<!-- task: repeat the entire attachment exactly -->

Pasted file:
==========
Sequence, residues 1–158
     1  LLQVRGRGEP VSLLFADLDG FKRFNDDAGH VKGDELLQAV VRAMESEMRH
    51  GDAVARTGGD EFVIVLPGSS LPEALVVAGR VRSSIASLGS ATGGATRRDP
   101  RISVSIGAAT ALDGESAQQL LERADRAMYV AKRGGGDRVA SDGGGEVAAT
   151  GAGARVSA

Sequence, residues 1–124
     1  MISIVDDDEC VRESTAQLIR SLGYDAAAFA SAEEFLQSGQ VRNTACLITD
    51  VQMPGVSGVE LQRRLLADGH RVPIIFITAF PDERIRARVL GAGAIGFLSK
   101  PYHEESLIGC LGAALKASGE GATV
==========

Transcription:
Sequence, residues 1–158
     1  LLQVRGRGEP VSLLFADLDG FKRFNDDAGH VKGDELLQAV VRAMESEMRH
    51  GDAVARTGGD EFVIVLPGSS LPEALVVAGR VRSSIASLGS ATGGATRRDP
   101  RISVSIGAAT ALDGESAQQL LERADRAMYV AKRGGGDRVA SDGGGEVAAT
   151  GAGARVSA

Sequence, residues 1–124
     1  MISIVDDDEC VRESTAQLIR SLGYDAAAFA SAEEFLQSGQ VRNTACLITD
    51  VQMPGVSGVE LQRRLLADGH RVPIIFITAF PDERIRARVL GAGAIGFLSK
   101  PYHEESLIGC LGAALKASGE GATV